Ice Age: Clemson Edition-Milano day trip

Thursday we went on a day trip to Milan.  The forecast called for rain and snow and for the temperature to be in the mid 30s.  As soon as we came out of the first tunnel on the train ride from Genoa to Milan, it was snowing.  A little further down the tracks and there was already a few inches of snow on the ground.  As much as I would prefer it to be sunny and warm when we have to be outside all day, if were gonna have some kind of precipitation i would much rather it be snow.  Of course, once we arrived in Milan it was raining all day long.  There were some occasional snow flurries but nothing stuck and it always changed back over to rain.

Despite the shitty weather, I really enjoyed Milan.  It was one of the few large cities in Italy I haven’t been to before.  One of the really exciting parts of our trip was going to see the Duomo.  It is very different from other duomos I have been to such as in Florence, but it was equally beautiful in a very different way.  The Duomo in Milano took over 5 centuries to build which is just unbelievable.  They had to create a school that taught people how to sculpt, paint, and build in the style in which the building was started, so as to maintain its gothic style.  Despite the rain we were able to go onto the roof of the Duomo, which was absolutely unbelievable.  From that point you could really see all the detail in the sculptures decorating the exterior of the cathedral.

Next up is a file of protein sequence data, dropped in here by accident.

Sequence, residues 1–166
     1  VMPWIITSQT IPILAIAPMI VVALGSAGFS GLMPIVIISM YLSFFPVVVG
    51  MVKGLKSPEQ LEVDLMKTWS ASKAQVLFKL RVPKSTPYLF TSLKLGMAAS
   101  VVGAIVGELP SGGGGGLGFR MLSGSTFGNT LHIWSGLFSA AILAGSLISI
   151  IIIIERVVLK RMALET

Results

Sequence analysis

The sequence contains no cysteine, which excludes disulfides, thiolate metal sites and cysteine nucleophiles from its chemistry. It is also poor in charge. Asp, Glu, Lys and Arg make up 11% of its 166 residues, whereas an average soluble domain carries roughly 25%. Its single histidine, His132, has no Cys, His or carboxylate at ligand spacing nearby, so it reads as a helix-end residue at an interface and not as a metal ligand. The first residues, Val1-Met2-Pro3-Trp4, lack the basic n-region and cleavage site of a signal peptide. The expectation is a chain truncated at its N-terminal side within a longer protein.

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We also visited the Santa Maria delle Grazie church.  I didn’t know this until we were standing outside in the rain listening to Giuditta talk, but the original Last Supper painting is on display in the refectory of the church’s convent.  We didn’t get to go see it on this trip, but Judy promised to try to get us reservations for one of our other day trips to Milan.  Another amazing church we visited was Santa Maria presso San Satiro, which was a small church in the city center.  The story of the churches construction was really interesting.  It had been a small church that was remodeled during the 15th century.  There was not enough space to expand the church because it was already situated between preexisting buildings.  They were able to build out towards the street to create the bottom part of the ‘cross-shaped’ nave, but had no room to expand and build the upper part of the nave, towards the altar.  Architect and designer, Donato Bramante, created a perspective painting behind the altar to give the illusion that the church was actually in the typical cross plan.  Giuditta didn’t tell us that this was actually a painting until we had been in the church for around 5 minutes.  When she told us we were all shocked.  Then we walked down the aisle and to the right and only then could we really believe that the church didn’t extend past the side aisles.

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